What is it about?

For our everyday life, we are dependent on critical infrastructures, for example, water treatment systems, waste management plants, energy systems, autonomous transport, and communication systems. These systems are much more connected with each other, with people, and with the devices on the internet, than they used to be in the past. If not enough attention is given these critical services could fall prey in the hands of bad actors and it is even easier now since these systems are connected to the internet. We venture to ensure these systems work securely and safely and citizens can enjoy these critical services without any disruption.

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Why is it important?

The critical systems like industrial control systems or industrial internet of things have few major components, those include sensors to measure the physical surroundings, controllers to compute and keep the system in the desired state based on the sensor measurements, and the actuators to drive the physical system, e.g., an electric motor to run an autonomous train. The challenge is to ensure all the devices are securely operating as desired and have not been modified with malicious intent. Imagine if a sensor responsible to detect humans in an autonomous vehicle fails or gets compromised/hacked then the consequences can be catastrophic. Our work is in the direction to ensure that we can detect such a malicious or accidental failure of a sensor. Surprisingly we achieve our goal by using an undesirable feature called the "noise" of the sensor. Noise is defined as the inaccuracies in measurements due to sensors manufacturing imperfections. Therefore, it is shown that the noise for each sensor is different and makes a unique identifier for each sensor.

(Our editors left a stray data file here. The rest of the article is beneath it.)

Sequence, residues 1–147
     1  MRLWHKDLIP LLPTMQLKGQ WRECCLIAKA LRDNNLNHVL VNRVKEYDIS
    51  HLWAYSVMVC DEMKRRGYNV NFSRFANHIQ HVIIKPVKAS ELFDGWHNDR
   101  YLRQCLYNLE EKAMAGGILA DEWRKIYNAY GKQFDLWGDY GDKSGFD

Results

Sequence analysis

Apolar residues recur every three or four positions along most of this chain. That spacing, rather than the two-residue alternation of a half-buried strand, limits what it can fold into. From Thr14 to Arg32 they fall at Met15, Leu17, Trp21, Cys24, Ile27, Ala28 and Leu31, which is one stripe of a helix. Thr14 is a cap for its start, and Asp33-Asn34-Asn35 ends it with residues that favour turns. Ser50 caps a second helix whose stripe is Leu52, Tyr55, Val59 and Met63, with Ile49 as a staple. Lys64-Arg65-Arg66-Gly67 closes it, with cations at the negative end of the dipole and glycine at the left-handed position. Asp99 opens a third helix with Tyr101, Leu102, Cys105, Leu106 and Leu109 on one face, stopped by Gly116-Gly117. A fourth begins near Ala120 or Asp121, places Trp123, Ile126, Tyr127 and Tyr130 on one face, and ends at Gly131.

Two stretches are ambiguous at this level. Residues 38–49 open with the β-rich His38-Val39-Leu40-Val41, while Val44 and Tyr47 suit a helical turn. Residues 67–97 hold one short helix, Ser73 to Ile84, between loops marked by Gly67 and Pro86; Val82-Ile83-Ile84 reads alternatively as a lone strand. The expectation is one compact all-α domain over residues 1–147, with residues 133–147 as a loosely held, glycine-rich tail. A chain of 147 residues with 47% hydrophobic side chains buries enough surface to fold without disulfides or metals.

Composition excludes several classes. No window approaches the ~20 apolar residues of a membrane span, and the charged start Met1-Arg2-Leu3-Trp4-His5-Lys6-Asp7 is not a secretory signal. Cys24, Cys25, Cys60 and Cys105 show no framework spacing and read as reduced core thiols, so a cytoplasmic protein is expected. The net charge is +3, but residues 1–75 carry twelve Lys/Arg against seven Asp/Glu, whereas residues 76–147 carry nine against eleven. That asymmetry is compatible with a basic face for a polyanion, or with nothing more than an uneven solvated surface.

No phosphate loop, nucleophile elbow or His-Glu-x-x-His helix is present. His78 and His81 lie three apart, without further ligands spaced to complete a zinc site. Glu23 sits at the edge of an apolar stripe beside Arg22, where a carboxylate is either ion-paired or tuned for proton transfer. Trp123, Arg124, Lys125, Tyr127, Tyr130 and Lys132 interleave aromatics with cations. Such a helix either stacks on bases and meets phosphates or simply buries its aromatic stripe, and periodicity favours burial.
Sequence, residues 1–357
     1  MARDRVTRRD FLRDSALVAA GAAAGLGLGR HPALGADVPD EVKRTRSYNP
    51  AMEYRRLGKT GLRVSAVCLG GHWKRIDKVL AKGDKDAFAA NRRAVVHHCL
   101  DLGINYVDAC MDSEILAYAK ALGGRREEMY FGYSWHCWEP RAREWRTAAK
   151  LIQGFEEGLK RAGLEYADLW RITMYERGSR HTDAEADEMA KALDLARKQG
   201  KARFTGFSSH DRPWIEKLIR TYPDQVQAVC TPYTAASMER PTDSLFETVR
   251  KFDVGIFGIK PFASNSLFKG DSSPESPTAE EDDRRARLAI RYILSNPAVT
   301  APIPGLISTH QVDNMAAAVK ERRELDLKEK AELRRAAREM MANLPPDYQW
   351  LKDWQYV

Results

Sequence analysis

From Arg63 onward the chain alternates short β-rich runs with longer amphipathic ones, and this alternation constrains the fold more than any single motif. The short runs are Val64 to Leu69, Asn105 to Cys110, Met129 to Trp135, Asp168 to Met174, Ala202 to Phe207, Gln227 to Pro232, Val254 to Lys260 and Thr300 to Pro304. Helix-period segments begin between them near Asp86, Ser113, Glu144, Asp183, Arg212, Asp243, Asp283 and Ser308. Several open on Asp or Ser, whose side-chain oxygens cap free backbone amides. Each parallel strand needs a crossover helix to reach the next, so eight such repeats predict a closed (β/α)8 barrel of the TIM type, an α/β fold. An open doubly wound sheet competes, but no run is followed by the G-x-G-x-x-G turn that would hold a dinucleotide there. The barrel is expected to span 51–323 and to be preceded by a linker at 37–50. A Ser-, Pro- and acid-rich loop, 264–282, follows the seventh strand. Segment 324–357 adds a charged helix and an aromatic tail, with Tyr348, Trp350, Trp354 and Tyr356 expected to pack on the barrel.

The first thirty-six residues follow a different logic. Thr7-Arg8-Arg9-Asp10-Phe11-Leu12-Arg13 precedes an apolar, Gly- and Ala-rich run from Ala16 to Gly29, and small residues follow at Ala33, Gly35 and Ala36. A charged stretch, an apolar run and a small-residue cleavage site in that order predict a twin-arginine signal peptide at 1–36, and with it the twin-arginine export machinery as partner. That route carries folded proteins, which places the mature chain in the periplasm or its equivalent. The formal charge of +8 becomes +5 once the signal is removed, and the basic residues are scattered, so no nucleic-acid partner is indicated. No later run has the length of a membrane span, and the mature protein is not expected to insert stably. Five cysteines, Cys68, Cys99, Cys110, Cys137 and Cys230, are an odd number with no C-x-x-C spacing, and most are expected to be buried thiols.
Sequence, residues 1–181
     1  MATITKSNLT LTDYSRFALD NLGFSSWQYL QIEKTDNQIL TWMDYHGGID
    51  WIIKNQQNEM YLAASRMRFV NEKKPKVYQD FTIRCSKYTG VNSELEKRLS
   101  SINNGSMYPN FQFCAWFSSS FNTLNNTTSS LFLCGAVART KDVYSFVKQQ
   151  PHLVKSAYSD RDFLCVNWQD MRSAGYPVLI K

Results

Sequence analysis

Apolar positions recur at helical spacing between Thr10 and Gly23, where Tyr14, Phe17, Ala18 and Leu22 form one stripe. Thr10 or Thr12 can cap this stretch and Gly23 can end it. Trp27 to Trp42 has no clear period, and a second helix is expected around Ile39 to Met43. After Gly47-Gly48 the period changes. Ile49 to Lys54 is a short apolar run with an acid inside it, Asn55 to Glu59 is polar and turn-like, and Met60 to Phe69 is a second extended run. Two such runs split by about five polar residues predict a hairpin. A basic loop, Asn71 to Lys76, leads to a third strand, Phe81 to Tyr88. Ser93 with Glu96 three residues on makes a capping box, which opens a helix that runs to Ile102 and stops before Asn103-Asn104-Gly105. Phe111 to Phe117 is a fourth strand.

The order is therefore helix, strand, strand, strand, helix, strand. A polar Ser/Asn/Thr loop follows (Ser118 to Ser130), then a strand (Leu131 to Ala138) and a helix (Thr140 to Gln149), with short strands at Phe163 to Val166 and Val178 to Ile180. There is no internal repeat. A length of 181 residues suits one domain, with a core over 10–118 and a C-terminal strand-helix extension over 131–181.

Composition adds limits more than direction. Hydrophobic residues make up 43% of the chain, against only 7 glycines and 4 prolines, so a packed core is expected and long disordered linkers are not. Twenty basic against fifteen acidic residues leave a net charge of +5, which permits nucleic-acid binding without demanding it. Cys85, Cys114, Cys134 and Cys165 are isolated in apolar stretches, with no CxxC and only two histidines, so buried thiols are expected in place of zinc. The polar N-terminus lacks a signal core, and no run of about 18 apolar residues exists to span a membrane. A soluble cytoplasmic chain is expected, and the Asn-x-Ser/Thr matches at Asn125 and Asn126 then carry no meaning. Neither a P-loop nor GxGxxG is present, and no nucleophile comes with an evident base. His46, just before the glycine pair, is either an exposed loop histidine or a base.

This article for me is an amazing contribution because it is surprising to see how an undesirable feature of a device is converted into a useful tool to secure the devices. This work is built on top of lessons learned from so many great works in the field of device identification or device fingerprinting.

Chuadhry Mujeeb Ahmed
Singapore University of Technology and Design

Read the Original

This page is a summary of: NoiSense Print, ACM Transactions on Privacy and Security, January 2021, ACM (Association for Computing Machinery),
DOI: 10.1145/3410447.
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